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Honored Contributor
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I would hazard a guess that it goes back to the Latin wich supports so much of modern day language.

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Re: Alphabet Question

[ Edited ]

@Shanus wrote:

@Desertdi wrote:

Q  also has that sound (mostly in foreign words:  like Qatar)


 

@Desertdi   In English, can't think of an instance where a Q is not followed by a U.


@Shanus  qintar, qindar, qaid... there are others as well. I'm sure Scrabble players have them memorized.

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Re: Alphabet Question

[ Edited ]

I think spelling took precedence before the rules and exceptions.

 

I wonder if educators many years ago looked at the English language, saw some patterns and came up with rules.  They also saw exceptions and came up with rules for them; however, there are too many exceptions for example, i before e, for it to be a sound rule.  

 

Education has always done that with other disciplines.  Breaking down everything into categories, groups. dissecting, looking under an electron microscope thinking, "We'll make it easier to learn the English language by teaching this stuff", but in doing so made it more difficult. 

 

However, I think it's easier to learn how to spell words than it is remembering the rules and exceptions.  Will those having difficulty with spelling remember the rules to help them?

 

For those wondering why a K is used for kitten, again it appears to stem originally from origin and spelling.

 

Mentioned previously, over 60% of our words are from Latin; however, where did the other 30+% come from?

 

Why is kitten spelled with a K?  From late 14 century  kitoun, the young of a domesticated cat, probably from an Anglo-French variant of Old French khitoun.  

 

I won't go into all the other numerous irregularities of the English language because I'd be writing a book.  

 

 

 

 

 

 

 

 

 

 

 

 

Honored Contributor
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If you think English is tough, try learning French. The nouns are male or female. What's up with that?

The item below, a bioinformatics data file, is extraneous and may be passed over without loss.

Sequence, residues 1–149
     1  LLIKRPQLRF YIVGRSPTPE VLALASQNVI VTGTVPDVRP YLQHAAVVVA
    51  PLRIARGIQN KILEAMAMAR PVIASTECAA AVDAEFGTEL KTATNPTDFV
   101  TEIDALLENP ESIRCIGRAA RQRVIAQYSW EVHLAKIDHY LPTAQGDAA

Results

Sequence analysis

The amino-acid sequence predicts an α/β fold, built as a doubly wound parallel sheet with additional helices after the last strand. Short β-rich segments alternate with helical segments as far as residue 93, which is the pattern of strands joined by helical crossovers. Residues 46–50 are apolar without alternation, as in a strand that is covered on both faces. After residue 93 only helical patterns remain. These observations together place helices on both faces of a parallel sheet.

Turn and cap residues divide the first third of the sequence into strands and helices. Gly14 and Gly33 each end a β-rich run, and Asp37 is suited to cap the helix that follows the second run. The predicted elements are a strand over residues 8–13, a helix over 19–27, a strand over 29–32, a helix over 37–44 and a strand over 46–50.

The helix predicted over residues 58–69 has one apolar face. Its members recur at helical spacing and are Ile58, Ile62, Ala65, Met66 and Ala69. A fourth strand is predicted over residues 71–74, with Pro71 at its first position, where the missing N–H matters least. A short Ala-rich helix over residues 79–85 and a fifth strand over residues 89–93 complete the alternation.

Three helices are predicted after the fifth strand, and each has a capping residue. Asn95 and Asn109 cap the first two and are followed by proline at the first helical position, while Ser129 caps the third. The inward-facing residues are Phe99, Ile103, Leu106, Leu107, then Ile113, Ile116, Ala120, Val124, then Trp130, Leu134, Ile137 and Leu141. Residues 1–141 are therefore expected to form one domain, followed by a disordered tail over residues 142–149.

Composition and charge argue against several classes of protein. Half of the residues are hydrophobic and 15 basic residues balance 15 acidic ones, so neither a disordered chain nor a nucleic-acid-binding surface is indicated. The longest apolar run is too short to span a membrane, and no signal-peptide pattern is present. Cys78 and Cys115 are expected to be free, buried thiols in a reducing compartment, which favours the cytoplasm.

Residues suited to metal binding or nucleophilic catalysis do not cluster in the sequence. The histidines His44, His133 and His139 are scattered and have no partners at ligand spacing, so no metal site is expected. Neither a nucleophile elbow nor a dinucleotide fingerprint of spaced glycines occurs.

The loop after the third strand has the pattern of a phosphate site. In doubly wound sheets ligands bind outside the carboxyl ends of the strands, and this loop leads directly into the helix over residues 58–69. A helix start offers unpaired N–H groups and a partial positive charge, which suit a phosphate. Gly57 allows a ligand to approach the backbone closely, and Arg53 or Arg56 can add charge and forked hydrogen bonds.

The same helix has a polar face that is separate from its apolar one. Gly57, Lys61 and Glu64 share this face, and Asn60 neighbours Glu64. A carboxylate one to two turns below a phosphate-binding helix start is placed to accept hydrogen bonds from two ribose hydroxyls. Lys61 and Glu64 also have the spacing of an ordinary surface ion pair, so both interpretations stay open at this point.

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Great question! And what's up with "W"? Why is it called "Double-U" when it should be called "Double-V"?

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@Ladybug724 wrote:

Great question! And what's up with "W"? Why is it called "Double-U" when it should be called "Double-V"?


 

 

the french got that right @Ladybug724 .

they call it "dooblehvay" (double V.)

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@Porcelain wrote:

@sunshine45 wrote:

so who knows why we use them together if the sound is the same?

 

tackle.....pick......tack.......pickle.....packer?


I think that has something to do with the type of vowel sound. Pike = long I sound. Pick = short I sound. Bake = long A sound. Back = short A sound.


 

 

perhaps @Porcelain , but then couldnt back be just "bak?"  Smiley Wink

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@sunshine45 wrote:

@Porcelain wrote:

@sunshine45 wrote:

so who knows why we use them together if the sound is the same?

 

tackle.....pick......tack.......pickle.....packer?


I think that has something to do with the type of vowel sound. Pike = long I sound. Pick = short I sound. Bake = long A sound. Back = short A sound.


 

 

perhaps @Porcelain , but then couldnt back be just "bak?"  Smiley Wink


You got me there. Chickens do say bok bok bok though, so there's that at least.

When you’re accustomed to privilege, equality feels like oppression.
"Power without love is reckless and abusive, and love without power is sentimental and anemic." - Dr. Martin Luther King Jr
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@Porcelain wrote:

@sunshine45 wrote:

@Porcelain wrote:

@sunshine45 wrote:

so who knows why we use them together if the sound is the same?

 

tackle.....pick......tack.......pickle.....packer?


I think that has something to do with the type of vowel sound. Pike = long I sound. Pick = short I sound. Bake = long A sound. Back = short A sound.


 

 

perhaps @Porcelain , but then couldnt back be just "bak?"  Smiley Wink


You got me there. Chickens do say bok bok bok though, so there's that at least.


@Porcelain Uh, I always thought chickens said "bwak bwak" like some people pronounce coffee "cwaffee."  Woman Very Happy

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@Sooner wrote:

@Porcelain wrote:

@sunshine45 wrote:

@Porcelain wrote:

@sunshine45 wrote:

so who knows why we use them together if the sound is the same?

 

tackle.....pick......tack.......pickle.....packer?


I think that has something to do with the type of vowel sound. Pike = long I sound. Pick = short I sound. Bake = long A sound. Back = short A sound.


 

 

perhaps @Porcelain , but then couldnt back be just "bak?"  Smiley Wink


You got me there. Chickens do say bok bok bok though, so there's that at least.


@Porcelain Uh, I always thought chickens said "bwak bwak" like some people pronounce coffee "cwaffee."  Woman Very Happy


Lol Must be the regional chicken dialect. Woman Very Happy

When you’re accustomed to privilege, equality feels like oppression.
"Power without love is reckless and abusive, and love without power is sentimental and anemic." - Dr. Martin Luther King Jr